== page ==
“You’ve got to give the Grameen Bank credit,” said Craig Cole of the Christian microcredit organization Five Talents. “You’re able to see the whole human being being developed—not just the financial part.”
But in past years a few have poked holes in Grameen’s apparently successful model, saying the bank is inflating its repayment numbers by allowing borrowers to defer payments for up to two years before counting them as delinquent. Technically, small payments are due in the weekly meetings.
“We see no reason why the sky should fall on anybody’s head because a borrower took longer time to pay back her loan,” wrote Yunus when he introduced new rules for the bank in 2002 following a difficult business cycle. “Since she is paying additional interest for the extra time, where is the problem? We always advocated that microcredit programs should not fall into the logical trap of the conventional banking and start looking at their borrowers as some kind of ‘time-bombs’ who are ticking away and waiting to create big trouble on pre-fixed dates.”
The average annual interest rate on Grameen loans is high too, at 30 percent, which Grameen defends as the cost of doing business when they offer small loans and weekly meetings with staff. In Bangladesh the bank’s profit margin is indeed razor thin.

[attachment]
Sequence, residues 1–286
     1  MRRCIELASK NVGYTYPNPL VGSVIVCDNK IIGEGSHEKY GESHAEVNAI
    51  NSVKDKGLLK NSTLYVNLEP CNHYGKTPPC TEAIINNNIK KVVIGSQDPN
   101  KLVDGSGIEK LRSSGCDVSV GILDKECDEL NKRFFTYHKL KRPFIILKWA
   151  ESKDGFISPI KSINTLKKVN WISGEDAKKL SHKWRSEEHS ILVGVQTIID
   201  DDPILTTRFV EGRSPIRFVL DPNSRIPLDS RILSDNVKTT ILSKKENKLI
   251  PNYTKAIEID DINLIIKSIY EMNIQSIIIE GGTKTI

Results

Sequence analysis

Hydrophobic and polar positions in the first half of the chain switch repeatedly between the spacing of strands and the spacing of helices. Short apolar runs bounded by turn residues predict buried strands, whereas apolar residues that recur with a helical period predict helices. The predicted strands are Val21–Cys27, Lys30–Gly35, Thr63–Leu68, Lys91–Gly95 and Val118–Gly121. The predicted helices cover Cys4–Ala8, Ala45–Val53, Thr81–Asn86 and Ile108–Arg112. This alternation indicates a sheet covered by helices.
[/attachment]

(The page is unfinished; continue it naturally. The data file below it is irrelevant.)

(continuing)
Grameen America faces its own credit problem: The bank needs capital to meet the demand for its services. While Newaz says the bank is on track to being unsubsidized and financially viable in four years, administrative difficulties could hamstring their business plan. (Grameen currently receives support from foundations and individual donations.) In Bangladesh, 70 percent of capital comes from borrowers’ savings, but in the United States, Grameen hasn’t been approved as an official bank yet, so it can’t access its clients’ savings. (Most U.S. micro-credit groups don’t have a bank charter; they’re nonprofits.)